For Christine O’Donnell, the Tea Party magic has worn off and the hard-hitting realities of a general election have set in.
Following her stunning victory over moderate Mike Castle in last month’s Republican primary, she seemed destined for political stardom. Her rapid rise within the Tea Party ranks instantly drew her favorable comparisons to Sarah Palin, based upon more than just the pair’s similar looks.
Like Palin, she was considered a fresh face; she enthused the GOP base in an almost supernatural way; and her folksy, perky appeal, while charming to core supporters, led detractors to levy brutal and over-the-top attacks.
O’Donnell’s bid always seemed like a long shot. But in a year with political winds as favorable to Republicans as this, even a staunch conservative like herself had a slim chance in liberal-tilting Delaware. If Scott Brown showed Republicans anything, it was that the dissatisfaction with President Obama reached far and wide.
But unlike other Tea Party candidates in states like Kentucky, Nevada, Florida and Colorado, O’Donnell has struggled to rally a skeptical GOP establishment to her side, both vocally and financially.
This past weekend she groused and grumbled on ABC’s “This Week” that the National Republican Senatorial Committee was giving her the cold shoulder when it came to coughing up the necessary dough for her to make a sizable dent in her Democratic opponent’s lead.
“The state party isn’t helping us,” O’Donnell said. “We’re hoping that the National Republican Senatorial Committee will help us, but it’s two and half weeks left and they’re not.”
The lack of monetary support coming from Beltway Republicans smacks of a lingering resentment from a hotly contested primary. There is a firm belief amongst establishment types that if the GOP falls a seat short of recapturing the Senate, the blame will rightfully belong to O’Donnell and her ill-advised venture to knock out the heavily favored and far more electable Castle.
Revelations about O’Donnell’s past life as a conservative activist during the general election hasn’t made it any easier for the establishment to open up its coffers. The now infamous clips of her appearances on Bill Maher’s “ Politically Incorrect” during the 1990s has lead to a steady stream of late-night fodder, with many comedians using her name as a punch-line for easy laughs.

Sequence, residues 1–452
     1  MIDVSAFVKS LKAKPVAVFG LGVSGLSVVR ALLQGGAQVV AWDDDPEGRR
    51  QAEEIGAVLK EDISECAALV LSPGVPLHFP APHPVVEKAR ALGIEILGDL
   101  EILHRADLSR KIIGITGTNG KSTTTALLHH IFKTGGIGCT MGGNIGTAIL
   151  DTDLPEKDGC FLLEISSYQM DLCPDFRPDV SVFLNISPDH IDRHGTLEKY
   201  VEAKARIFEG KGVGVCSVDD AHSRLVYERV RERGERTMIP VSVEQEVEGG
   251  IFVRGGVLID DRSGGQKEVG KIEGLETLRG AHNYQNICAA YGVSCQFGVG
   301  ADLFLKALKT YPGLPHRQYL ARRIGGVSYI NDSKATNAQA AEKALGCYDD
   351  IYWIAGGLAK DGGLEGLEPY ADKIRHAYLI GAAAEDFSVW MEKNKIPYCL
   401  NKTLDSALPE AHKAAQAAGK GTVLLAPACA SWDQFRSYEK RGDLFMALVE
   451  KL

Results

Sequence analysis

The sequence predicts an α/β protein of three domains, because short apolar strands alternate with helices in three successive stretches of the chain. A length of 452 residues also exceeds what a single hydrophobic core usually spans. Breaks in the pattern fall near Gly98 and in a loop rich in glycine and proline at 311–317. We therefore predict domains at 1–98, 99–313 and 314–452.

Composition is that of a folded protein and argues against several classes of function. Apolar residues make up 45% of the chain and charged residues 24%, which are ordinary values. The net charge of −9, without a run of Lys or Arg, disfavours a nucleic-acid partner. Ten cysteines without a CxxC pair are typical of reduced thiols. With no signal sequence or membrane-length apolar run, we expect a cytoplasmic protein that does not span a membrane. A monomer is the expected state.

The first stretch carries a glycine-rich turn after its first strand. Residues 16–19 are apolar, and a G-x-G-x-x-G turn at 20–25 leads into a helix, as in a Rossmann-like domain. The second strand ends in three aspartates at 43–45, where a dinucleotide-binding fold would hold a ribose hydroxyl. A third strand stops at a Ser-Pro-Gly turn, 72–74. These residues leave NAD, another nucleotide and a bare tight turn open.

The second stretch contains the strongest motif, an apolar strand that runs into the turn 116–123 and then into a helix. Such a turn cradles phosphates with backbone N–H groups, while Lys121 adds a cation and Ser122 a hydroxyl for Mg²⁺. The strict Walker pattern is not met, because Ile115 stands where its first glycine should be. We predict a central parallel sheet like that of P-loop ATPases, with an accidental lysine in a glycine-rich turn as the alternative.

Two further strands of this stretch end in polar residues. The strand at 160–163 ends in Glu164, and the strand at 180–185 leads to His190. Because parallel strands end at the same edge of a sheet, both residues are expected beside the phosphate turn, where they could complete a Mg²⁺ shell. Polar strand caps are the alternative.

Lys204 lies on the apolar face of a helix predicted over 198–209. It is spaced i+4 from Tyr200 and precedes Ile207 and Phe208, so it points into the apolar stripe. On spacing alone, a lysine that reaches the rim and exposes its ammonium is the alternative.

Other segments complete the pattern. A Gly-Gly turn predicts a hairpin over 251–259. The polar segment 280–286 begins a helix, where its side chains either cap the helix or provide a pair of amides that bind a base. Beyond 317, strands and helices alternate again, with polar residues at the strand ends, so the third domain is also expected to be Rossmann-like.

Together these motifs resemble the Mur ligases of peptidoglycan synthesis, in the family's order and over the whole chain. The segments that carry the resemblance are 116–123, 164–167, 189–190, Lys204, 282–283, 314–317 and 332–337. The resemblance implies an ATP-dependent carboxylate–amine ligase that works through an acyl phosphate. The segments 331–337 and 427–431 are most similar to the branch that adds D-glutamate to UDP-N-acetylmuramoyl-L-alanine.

Still, for all of her baggage, and the efforts of opponents to demonize her as a cartoonish figure, some Democrats, including those in the White House, refuse to dismiss her chances of beating Democrat Chris Coons
Just last week, President Obama and Vice President Biden made a visit to Delaware to stump for Coons. Though they never mentioned her name, their mere presence in the state spoke volumes about how seriously they regard her candidacy.
Because establishment money or not, O’Donnell has proven to be a moneymaker all on her own. She has successfully parlayed her Tea Party prowess into a healthy financial advantage over Coons; at the end of September, her financial haul was twice the size of his. Matched with the force of her personality and charisma along with an anything-goes election year, and it’s easy to see why the White House is intent on taking a better-safe-than-sorry approach to the race.
It will take a miraculous alignment of the political stars for O’Donnell to prevail in 13 days. All polls show a Mt. Rushmore type lead for Coons. Even more than numerical deficits, O’Donnell’s candidacy remains beset by quirky past statements and gaps of knowledge on key issues. With Coons riding so high this late in the game, O’Donnell’s bid has taken on an almost quixotic feel.
It’s a futile ending that seems greatly unbefitting of a once promising star.
Aaron Guerrero is a 2009 UC Davis graduate who majored in political science and minored in history. He formerly interned for Rep. Dan Lungren and Gov. Arnold Schwarzenegger and is a freelance writer.